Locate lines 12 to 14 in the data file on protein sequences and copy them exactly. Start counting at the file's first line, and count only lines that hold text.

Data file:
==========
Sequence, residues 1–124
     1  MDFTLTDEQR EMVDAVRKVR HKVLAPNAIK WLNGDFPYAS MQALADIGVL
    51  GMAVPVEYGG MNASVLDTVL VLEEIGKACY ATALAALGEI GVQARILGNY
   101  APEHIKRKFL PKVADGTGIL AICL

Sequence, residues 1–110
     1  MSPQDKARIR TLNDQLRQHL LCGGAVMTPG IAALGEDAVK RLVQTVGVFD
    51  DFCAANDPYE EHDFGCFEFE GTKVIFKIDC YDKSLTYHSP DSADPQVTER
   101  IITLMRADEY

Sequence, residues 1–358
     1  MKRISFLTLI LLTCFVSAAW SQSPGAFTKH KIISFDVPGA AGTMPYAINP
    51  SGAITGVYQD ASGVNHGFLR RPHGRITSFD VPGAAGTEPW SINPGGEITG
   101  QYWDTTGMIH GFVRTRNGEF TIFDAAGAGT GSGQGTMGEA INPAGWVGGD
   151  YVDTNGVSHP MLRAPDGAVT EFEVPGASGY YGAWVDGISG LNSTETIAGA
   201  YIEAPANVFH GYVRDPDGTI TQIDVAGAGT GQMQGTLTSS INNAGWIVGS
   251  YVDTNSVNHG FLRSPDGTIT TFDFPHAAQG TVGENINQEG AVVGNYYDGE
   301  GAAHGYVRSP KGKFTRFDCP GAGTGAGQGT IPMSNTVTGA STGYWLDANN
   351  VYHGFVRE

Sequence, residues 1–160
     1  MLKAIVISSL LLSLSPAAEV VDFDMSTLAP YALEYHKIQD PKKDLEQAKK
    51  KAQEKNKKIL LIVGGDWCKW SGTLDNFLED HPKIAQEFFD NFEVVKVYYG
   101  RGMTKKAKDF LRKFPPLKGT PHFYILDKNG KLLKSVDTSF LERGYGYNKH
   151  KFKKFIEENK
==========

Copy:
   101  QYWDTTGMIH GFVRTRNGEF TIFDAAGAGT GSGQGTMGEA INPAGWVGGD
   151  YVDTNGVSHP MLRAPDGAVT EFEVPGASGY YGAWVDGISG LNSTETIAGA
   201  YIEAPANVFH GYVRDPDGTI TQIDVAGAGT GQMQGTLTSS INNAGWIVGS